Reading for meaning is an overriding consideration.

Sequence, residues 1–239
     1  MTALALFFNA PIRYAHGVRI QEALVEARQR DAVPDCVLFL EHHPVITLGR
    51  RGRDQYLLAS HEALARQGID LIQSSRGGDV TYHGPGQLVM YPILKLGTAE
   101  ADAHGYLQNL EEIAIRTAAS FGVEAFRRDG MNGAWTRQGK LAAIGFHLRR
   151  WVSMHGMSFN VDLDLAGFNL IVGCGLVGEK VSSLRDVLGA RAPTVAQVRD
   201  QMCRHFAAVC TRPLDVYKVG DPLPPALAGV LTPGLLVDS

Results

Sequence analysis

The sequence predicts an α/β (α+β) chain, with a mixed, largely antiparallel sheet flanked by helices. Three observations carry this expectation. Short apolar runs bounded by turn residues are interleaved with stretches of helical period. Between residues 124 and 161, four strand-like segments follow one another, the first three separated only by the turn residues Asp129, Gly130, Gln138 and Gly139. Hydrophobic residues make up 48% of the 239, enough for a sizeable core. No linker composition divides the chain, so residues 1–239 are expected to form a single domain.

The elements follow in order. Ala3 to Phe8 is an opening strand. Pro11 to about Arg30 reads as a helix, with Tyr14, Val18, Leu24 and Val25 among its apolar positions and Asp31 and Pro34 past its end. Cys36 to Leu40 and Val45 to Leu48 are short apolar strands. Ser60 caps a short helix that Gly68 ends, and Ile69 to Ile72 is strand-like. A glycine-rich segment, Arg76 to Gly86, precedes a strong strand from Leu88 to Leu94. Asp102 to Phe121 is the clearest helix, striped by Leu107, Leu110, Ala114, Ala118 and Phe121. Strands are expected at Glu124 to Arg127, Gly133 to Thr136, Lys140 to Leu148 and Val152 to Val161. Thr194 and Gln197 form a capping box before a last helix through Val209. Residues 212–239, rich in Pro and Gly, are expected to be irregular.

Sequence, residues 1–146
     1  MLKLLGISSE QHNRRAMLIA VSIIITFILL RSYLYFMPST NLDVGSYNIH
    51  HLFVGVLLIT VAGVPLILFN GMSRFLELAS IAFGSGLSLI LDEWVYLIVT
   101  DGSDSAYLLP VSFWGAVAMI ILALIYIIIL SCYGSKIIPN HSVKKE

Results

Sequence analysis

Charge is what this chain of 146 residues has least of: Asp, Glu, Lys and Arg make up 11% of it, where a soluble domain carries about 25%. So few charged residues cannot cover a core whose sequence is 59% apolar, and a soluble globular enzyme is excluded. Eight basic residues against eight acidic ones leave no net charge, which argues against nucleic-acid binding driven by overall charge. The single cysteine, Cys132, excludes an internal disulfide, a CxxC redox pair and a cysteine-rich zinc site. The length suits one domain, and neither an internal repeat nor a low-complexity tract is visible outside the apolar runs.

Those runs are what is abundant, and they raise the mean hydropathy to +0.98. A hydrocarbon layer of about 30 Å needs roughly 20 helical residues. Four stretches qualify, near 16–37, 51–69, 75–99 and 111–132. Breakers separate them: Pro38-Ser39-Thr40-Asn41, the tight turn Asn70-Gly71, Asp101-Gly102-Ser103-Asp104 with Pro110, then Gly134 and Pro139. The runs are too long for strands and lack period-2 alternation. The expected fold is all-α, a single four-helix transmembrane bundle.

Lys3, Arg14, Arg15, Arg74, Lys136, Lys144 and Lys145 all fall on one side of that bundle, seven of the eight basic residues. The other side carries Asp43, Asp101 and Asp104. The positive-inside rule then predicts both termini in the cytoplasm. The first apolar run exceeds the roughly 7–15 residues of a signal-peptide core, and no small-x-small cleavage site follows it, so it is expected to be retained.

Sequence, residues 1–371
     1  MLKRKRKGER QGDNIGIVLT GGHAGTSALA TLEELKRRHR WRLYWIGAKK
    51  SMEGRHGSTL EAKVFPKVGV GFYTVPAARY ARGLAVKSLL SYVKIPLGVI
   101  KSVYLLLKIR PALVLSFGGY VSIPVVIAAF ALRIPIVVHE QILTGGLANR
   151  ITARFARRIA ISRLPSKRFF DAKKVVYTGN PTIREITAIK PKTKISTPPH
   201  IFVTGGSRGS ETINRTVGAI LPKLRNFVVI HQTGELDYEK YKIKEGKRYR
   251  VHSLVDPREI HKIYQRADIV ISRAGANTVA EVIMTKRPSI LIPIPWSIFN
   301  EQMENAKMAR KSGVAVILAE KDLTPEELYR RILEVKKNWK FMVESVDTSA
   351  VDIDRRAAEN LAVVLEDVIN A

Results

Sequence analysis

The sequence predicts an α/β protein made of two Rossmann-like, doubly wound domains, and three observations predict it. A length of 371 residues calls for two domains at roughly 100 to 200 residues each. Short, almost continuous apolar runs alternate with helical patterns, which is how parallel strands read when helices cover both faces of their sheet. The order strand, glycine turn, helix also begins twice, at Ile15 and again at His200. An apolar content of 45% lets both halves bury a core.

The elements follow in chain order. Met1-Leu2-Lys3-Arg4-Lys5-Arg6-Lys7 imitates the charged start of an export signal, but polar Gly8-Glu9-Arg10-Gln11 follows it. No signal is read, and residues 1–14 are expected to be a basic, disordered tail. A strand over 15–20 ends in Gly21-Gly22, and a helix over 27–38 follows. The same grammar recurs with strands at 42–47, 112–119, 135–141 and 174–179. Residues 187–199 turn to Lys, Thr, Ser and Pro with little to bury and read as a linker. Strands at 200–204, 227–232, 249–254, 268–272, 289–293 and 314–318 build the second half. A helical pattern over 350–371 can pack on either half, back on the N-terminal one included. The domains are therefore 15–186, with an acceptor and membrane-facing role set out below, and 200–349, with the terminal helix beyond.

All of the programs reflect a model of reading as an active, meaningful, constructive process. Before-reading activities are used to build or activate relevant background knowledge, concepts, and vocabulary. Students are taught to monitor their reading to ensure that what they are reading makes sense. They are taught strategies for correcting word recognition errors that detract from meaning, and they are given opportunities for reacting and responding to selections they have read. The texts they are asked to read are read for enjoyment and for information. Other activities are developed within a framework of reading for meaning. Because reading for meaning is the constant point of reference and because students in these programs need substantial help in building word identification skills, the amount of time spent in discussing selections and in teacher questioning about the selection is kept to a minimum.

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